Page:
That was the first time his half-brother tried to murder him. The following attempts would include setting Suprena on fire.
His half-brothers and their criminal group had close connections to the Haitian police. Unable to find protection, Suprena fled the country in January 2011 to join a different brother in the Dominican Republic. He was 22 years old.
In the D.R., he went to see a doctor. His gums were so badly injured that an implant would not take, making his teeth loss a definitive one. Shortly after, his brother left for Brazil, as they couldn’t legally immigrate to the D.R. Still convalescent and with no passport, Suprena stayed behind in the neighboring country.
It took him two years to be able to get his passport and join his brother in Brazil, where he would look for a stable immigration status and legal employment to settle with his wife, Elidiane Jean.
Nine days after leaving the Caribbean country, Suprena reached Brazil. He secured a working visa and found a job. A year later, in 2014, Jean travelled to Brazil where she and Suprena were finally reunited. Together, with a work permit and economic stability, they had their first child. Rinaldi Jean Suprena, a Brazilian citizen, was born in São José in the summer of 2015.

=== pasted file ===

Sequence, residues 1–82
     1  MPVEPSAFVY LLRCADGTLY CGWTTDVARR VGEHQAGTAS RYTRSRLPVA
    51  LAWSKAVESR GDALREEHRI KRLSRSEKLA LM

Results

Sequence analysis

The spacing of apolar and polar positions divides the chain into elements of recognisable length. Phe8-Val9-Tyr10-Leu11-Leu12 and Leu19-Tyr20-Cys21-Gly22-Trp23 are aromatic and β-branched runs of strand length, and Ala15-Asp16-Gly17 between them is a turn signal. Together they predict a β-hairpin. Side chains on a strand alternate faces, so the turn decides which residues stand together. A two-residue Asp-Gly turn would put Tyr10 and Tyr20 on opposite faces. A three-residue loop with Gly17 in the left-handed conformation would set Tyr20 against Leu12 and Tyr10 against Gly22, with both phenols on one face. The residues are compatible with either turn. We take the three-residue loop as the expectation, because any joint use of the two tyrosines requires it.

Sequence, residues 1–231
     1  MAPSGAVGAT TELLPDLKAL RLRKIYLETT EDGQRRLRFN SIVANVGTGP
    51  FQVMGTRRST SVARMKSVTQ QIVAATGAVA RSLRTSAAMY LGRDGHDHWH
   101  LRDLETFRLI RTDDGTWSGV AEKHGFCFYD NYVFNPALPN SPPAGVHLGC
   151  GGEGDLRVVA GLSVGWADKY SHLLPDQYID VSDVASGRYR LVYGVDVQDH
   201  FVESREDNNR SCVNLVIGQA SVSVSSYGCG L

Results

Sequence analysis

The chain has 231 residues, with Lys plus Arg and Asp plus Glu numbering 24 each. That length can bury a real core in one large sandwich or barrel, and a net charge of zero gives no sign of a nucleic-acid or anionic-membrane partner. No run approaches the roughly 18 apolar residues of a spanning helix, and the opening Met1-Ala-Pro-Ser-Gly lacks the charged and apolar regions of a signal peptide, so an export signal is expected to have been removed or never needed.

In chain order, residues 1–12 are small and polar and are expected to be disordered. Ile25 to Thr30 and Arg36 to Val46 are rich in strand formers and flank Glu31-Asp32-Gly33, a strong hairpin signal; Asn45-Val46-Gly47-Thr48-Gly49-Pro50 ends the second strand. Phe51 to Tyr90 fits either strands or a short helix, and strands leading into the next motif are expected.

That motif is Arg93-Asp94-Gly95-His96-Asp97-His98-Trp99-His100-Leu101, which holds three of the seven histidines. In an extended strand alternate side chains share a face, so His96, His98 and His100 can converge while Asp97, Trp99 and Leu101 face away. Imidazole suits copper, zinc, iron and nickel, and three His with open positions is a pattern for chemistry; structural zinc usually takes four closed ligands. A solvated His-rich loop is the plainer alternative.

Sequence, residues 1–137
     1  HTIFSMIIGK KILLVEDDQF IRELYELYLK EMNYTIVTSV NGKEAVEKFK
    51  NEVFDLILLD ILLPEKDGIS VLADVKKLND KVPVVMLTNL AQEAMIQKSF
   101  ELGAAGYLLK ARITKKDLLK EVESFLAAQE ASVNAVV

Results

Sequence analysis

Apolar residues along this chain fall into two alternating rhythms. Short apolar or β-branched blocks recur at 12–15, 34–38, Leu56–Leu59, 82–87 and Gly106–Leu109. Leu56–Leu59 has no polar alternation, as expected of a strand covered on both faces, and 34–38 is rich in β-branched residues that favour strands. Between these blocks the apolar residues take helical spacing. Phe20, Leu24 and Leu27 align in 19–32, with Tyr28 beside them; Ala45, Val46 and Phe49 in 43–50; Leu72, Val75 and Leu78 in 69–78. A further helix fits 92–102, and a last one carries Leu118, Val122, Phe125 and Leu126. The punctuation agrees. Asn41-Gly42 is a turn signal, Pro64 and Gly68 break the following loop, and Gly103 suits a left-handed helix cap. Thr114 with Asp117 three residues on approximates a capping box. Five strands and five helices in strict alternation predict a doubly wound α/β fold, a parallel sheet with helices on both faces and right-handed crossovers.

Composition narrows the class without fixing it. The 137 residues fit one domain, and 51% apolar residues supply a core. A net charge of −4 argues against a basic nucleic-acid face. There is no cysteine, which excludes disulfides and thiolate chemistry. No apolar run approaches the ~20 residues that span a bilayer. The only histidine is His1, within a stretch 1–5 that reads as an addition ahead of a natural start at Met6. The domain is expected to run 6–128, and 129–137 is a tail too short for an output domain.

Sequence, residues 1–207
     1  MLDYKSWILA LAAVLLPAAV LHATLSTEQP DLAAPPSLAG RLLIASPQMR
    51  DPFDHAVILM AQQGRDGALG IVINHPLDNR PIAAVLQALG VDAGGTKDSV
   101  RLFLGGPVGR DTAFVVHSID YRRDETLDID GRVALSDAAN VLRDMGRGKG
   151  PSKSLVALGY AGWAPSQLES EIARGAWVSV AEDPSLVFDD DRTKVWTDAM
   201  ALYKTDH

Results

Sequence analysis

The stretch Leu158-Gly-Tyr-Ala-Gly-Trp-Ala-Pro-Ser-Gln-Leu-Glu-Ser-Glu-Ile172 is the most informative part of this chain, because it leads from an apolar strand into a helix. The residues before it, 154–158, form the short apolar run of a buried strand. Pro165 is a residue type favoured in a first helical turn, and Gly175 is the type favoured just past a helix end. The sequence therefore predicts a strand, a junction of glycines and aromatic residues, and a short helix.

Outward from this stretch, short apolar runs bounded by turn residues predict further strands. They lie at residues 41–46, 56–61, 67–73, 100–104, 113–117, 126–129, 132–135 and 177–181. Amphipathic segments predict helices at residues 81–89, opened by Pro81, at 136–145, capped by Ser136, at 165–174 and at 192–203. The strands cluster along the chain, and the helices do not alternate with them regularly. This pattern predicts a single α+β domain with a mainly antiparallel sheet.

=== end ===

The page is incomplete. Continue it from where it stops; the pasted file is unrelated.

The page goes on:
As good as things were, they wouldn’t last. “I kept receiving more threats from my brother,” recalled Suprena, referring to François. “He said he was in Brazil, that he was there to murder me,” he said. “But I thought those were lies.”
When his son turned one-year-old, a friend told Suprena that he had seen François. Skeptical, Suprena asked for proof. His friend led the way to a narrow street and pointed at someone. There he was. Suprena saw his half-brother and understood he would have to leave Brazil, too.